Ghanaian solar companies may face collapse due to what is described as unfair solar policies and regulations in the industry. Five of them have initiated the relocation process to Liberia and Sierra Leone as the solar business has become unprofitable in Ghana.

Unfortunately, this situation puts the jobs of over 700 people on the line.

In an interview, the Secretary of the Association of Ghana Solar Industries, Mr Agyenim Boateng mentioned that the government continuously uses regulations and policies to hinder the growth of solar energy in the country.

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The Unfavourable Policies

Mr Agyenim Boateng mentioned the following as some of the solar policies that hindered the growth of the solar energy industry.

  1. The moratorium on utility-scale solar projects, which prevented private companies from developing utility solar projects in the country.
  2. The directive is that no private solar company should do mini-grids.

He went further to state that, “Currently in the commercial and industrial sector, among factories, industries, bulk consumers of electricity, if you are going to install solar there, the government has issues with it which is not right.”

“There is also a directive which is indirectly saying that no licences should be issued for people to do this and these solar policies and regulations have become a barrier to the growth of the industry,” he stated.

Suspension of licences

The government suspended the issuance of new licences for Wholesale Electricity supply and Permits for Utility-Scale Grid-connected solar photovoltaic (PV) and wind power plants in 2017.

The Energy Commission (EC) provided two main reasons for the decision at the time.


1. First was that the EC had issued about 124 Provisional Wholesale Electricity Supply Licences for Utility-Scale Grid-connected Renewable Energy (RE) projects since the coming into force of the Renewable Energy Act, 2011 (Act 832), out of which only three have been developed, representing approximately a low 2.5 per cent development rate.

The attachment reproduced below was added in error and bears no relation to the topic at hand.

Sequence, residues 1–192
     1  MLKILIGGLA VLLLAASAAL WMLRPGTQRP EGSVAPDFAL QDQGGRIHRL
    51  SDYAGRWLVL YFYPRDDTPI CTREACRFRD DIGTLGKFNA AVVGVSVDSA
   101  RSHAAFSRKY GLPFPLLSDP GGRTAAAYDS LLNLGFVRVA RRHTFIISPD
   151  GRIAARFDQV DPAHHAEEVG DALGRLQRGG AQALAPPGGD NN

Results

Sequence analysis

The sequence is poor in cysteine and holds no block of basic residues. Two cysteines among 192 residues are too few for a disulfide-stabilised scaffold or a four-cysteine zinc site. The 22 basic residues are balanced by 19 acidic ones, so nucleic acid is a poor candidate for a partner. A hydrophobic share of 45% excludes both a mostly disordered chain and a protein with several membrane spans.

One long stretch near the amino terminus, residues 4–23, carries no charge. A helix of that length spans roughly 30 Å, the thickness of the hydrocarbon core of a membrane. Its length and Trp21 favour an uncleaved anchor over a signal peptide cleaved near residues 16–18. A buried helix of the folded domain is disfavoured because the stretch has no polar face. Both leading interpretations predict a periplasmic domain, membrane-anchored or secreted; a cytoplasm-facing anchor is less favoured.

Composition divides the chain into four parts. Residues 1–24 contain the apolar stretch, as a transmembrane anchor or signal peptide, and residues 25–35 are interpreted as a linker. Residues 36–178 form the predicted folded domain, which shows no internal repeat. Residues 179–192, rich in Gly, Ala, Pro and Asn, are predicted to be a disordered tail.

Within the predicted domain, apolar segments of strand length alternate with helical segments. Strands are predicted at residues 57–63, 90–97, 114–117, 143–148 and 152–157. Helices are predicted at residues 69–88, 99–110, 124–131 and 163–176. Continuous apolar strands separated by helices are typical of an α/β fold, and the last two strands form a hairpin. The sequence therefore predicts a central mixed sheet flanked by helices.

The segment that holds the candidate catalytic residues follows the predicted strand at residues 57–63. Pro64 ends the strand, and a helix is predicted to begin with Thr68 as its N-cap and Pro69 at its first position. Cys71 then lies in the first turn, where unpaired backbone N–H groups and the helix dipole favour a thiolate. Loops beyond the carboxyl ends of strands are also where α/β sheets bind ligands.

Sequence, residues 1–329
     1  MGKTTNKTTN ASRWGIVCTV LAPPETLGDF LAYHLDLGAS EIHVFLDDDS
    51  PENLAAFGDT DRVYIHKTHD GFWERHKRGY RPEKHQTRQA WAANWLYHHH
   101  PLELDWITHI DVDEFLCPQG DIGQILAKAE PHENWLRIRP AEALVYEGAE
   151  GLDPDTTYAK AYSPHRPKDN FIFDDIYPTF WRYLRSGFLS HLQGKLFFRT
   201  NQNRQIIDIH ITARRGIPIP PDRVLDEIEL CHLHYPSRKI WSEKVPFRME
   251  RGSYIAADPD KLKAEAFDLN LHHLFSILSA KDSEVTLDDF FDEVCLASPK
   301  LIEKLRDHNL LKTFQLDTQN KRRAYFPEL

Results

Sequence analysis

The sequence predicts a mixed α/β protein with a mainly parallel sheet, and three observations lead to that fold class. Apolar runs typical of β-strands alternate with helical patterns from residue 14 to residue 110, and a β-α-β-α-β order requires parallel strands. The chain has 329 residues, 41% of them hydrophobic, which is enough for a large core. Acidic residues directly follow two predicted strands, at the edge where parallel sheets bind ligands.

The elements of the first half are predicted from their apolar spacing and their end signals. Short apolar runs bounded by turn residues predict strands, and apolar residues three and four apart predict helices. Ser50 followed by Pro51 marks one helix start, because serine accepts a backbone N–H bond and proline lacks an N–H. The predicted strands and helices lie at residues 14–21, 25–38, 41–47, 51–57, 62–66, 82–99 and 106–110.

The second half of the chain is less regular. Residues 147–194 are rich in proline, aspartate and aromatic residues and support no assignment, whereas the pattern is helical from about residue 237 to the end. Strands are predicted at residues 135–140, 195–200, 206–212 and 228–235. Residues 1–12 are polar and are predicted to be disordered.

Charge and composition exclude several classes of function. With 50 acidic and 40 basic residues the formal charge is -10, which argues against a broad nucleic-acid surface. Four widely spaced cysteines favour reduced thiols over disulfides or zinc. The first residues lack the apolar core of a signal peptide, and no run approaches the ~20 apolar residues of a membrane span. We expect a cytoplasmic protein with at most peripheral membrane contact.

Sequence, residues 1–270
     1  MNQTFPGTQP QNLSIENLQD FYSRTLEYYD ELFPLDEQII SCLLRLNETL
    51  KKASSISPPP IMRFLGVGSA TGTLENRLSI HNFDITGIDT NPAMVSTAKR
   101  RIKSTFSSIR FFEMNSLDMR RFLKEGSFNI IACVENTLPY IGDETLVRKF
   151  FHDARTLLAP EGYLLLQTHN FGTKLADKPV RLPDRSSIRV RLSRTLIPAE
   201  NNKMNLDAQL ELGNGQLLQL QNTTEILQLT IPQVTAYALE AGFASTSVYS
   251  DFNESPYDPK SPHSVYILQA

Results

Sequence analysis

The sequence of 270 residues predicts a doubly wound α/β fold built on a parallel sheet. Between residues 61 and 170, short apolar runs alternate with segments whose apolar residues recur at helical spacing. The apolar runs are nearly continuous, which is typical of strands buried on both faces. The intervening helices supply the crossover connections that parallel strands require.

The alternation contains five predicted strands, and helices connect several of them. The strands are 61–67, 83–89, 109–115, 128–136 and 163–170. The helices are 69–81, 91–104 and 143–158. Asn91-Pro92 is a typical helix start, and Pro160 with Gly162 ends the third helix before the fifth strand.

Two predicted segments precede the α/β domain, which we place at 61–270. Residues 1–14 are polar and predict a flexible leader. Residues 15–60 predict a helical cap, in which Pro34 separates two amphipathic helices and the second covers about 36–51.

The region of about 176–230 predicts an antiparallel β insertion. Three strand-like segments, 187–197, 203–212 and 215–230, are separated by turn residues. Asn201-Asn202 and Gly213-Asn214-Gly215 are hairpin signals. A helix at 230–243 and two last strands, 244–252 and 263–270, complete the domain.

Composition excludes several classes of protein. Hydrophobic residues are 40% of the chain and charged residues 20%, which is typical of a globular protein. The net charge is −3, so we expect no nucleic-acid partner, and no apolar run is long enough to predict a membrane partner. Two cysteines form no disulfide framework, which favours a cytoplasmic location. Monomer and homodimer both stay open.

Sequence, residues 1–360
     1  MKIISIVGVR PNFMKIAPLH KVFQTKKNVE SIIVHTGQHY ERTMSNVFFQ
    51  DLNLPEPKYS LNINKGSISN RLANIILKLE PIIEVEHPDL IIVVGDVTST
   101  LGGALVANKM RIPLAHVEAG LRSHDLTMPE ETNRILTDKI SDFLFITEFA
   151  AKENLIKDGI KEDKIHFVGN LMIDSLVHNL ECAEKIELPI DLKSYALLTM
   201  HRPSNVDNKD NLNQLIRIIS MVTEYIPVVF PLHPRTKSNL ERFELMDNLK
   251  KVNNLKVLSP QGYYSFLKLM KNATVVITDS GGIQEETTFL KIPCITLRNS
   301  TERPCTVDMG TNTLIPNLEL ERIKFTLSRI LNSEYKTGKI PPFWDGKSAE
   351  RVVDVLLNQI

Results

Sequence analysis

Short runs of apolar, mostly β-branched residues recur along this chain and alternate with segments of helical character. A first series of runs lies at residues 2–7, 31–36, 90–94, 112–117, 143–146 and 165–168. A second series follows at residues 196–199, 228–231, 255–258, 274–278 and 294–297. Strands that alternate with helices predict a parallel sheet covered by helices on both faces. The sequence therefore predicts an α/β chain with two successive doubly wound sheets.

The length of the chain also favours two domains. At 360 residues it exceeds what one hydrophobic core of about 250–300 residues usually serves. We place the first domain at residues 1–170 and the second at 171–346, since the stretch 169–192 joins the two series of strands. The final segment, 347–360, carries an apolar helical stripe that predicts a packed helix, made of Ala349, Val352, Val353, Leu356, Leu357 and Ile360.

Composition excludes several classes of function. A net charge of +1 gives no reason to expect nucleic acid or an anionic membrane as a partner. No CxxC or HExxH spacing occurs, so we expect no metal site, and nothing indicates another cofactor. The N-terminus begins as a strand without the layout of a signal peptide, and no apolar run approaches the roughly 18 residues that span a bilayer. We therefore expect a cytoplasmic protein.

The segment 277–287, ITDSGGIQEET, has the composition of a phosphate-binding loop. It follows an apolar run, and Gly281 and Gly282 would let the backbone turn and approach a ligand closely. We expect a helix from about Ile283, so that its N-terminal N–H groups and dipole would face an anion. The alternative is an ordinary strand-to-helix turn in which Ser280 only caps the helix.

Unfortunately, the notice from EC failed to provide further details on the over 97 per cent of licensed projects that have not been developed, operationalise or in which phase of development any of these projects were.

2. The second reason for the suspension of issuance of new PPAs had to do with the Electricity Company of Ghana (ECG) having signed numerous PPAs, above 2,000MW, which was costing the country millions of cedis annually.

Threat to jobs

Mr Agyenim Boateng said that if the situation persisted, it threatens over 700 jobs in the country, especially at a time when jobs are difficult to find.

“These directives came at a time that the companies were already reeling from the painful impact from COVID-19 and we are very much worried as an association,” he said.

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He said that although the Association had officially written to both the Ministry of Energy and the Energy Commission, it was yet to receive any response.

“For the Energy Commission, it’s been just a month since we wrote to them so we are still hopeful of a response, but with the Ministry of Energy, it’s been seven months and not even an acknowledgement of receipt of our letter and that is worrying,” he noted.

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